The Role Of The Ames Test In Genotoxicity

Genotoxicity testing plays a vital role in identifying the potential of a substance to be mutagenic. Pharmaceuticals, pesticides and chemical substances must be assessed for safety before being authorised for use.

Genotoxicity relates to the properties of chemical agents that can cause cell mutations and damage the cell’s genetic profile, potentially leading to cancer. Genotoxicity adverse outcomes, include inherited mutations and diseases as well as cancers, developmental toxicity and ageing.

Testing must investigate the ability of test substances to mutate DNA as part of the regulatory testing framework. Ames testing has been part of this process to understand the chemical properties and modes of action for many years. In particular, the most commonly required genotoxicity test is the OECD 471: Ames Test, which has been used for decades and remains equally relevant today.

To understand the results and the impacts of a positive or negative result from Ames testing, the expertise of specialist predictive toxicology experts is vital. Genotoxicity screening experts at companies such as Gentronix, a specialist CRO, have vast experience in delivering and assisting with a wide range of genetic toxicology and flow cytometry services to aid the industry with reaching optimal interpretation of endpoints. Therefore, you can be sure their services, knowledge and experience are working to deliver the innovative solutions to achieve chemical safety.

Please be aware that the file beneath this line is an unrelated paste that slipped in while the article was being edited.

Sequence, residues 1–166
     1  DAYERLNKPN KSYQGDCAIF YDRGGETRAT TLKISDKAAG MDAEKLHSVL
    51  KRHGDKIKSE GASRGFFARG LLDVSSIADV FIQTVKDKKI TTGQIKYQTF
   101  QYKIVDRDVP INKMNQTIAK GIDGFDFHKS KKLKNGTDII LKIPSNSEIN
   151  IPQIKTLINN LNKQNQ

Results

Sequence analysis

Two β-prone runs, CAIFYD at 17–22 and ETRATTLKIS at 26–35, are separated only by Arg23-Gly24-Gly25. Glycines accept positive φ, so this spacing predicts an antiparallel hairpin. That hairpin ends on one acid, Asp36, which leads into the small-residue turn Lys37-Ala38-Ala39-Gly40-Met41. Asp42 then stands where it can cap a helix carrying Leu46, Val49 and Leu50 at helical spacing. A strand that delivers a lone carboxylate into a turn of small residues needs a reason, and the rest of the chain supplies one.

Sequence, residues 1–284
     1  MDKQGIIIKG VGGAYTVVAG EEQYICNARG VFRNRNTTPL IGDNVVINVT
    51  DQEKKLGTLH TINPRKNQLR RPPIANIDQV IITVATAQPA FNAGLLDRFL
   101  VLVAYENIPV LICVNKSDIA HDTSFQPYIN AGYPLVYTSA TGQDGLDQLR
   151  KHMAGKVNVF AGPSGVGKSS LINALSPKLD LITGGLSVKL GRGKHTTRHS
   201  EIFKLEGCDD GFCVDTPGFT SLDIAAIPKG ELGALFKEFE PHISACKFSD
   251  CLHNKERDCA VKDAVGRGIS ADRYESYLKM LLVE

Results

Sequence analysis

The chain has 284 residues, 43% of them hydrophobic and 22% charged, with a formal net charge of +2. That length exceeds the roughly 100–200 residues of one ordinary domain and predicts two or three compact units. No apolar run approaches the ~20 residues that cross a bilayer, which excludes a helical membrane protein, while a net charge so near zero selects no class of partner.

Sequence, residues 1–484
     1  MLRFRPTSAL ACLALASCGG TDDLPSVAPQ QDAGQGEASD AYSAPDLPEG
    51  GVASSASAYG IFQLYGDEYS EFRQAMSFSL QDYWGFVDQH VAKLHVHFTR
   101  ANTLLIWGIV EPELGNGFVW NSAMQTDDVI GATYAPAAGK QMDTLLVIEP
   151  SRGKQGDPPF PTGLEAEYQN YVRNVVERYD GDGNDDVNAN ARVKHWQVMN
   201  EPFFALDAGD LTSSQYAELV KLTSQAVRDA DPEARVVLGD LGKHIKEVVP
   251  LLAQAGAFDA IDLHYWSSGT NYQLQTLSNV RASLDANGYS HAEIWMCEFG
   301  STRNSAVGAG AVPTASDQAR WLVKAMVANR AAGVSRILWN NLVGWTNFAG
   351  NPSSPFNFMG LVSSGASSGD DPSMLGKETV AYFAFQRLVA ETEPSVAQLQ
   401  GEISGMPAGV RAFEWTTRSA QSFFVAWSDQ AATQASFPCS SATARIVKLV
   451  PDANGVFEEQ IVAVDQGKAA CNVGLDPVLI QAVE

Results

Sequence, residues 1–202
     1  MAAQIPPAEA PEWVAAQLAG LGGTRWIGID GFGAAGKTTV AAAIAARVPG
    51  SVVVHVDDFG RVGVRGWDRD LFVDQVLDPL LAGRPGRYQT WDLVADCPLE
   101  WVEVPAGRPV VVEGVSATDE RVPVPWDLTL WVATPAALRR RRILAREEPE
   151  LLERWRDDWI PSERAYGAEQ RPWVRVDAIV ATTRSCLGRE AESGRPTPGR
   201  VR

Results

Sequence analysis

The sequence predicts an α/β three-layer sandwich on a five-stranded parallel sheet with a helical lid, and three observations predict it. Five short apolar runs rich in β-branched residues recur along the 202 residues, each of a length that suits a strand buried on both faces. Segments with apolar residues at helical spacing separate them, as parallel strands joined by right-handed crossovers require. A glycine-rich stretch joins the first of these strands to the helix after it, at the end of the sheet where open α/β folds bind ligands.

More on how the OECD 471: Ames test works

This Ames test is a bacterial reverse mutation assay, which investigates whether test substances cause mutations in Salmonella or E. coli strains so that they can grow on selective agar plates.

The test uses amino acid-deficient Salmonella typhimurium and Escherichia coli strains harbouring different genetic histidine and tryptophan operon mutations to identify those that cause substitution, deletion or addition to one or more DNA base pairs. When assessing the safety of a substance, a positive Ames test result is taken very seriously.

The Ames assay enables bacterial mutagenicity data collection that can be used as a part of the core data requirements required by regulatory bodies to accept safety and register products and chemicals, including drugs, food additives, pesticides, and biocides. Bacterial cells are exposed to the test chemical, and the bacterial growth is scored for indication of mutations. Metabolic activation is carried out typically using induced rat liver S9. However, other sources for activation are available to achieve a mutagenicity endpoint.

The Ames test provides valuable information to assist identification of mutagenic properties or modes of action to help determine testing changes and the viability of any progression.

The regulatory environment surrounding the development of new drugs, treatments, chemical-based products and food additives is immense, and many products fail during development, so early-stage genotoxicity studies can help identify the viability and suitability of the chemical for further development. Modes of action can be studied to determine changes or path changes that can better sustain continuous development or enable a risk/reward assessment that may identify a need to control exposure to reduce the identified risk.

As an in vitro short-term test, the Ames test offers excellent data for preliminary screening of chemical substance mutagenicity. Impurity genotoxicity can be assessed, and hazard identification information will form the basis of future decision-making. 

A negative Ames test result will help with the regulatory process to support the evidence that the chemical is non-genotoxic at given levels. Considerable experience is required to conduct and interpret the results of the Ames test and to understand and contextualise the lowest effective dose effective in the Ames Test needed to provide accurate test results. Therefore, choosing professionals with a proven track record in performing and analysing such tests is vital.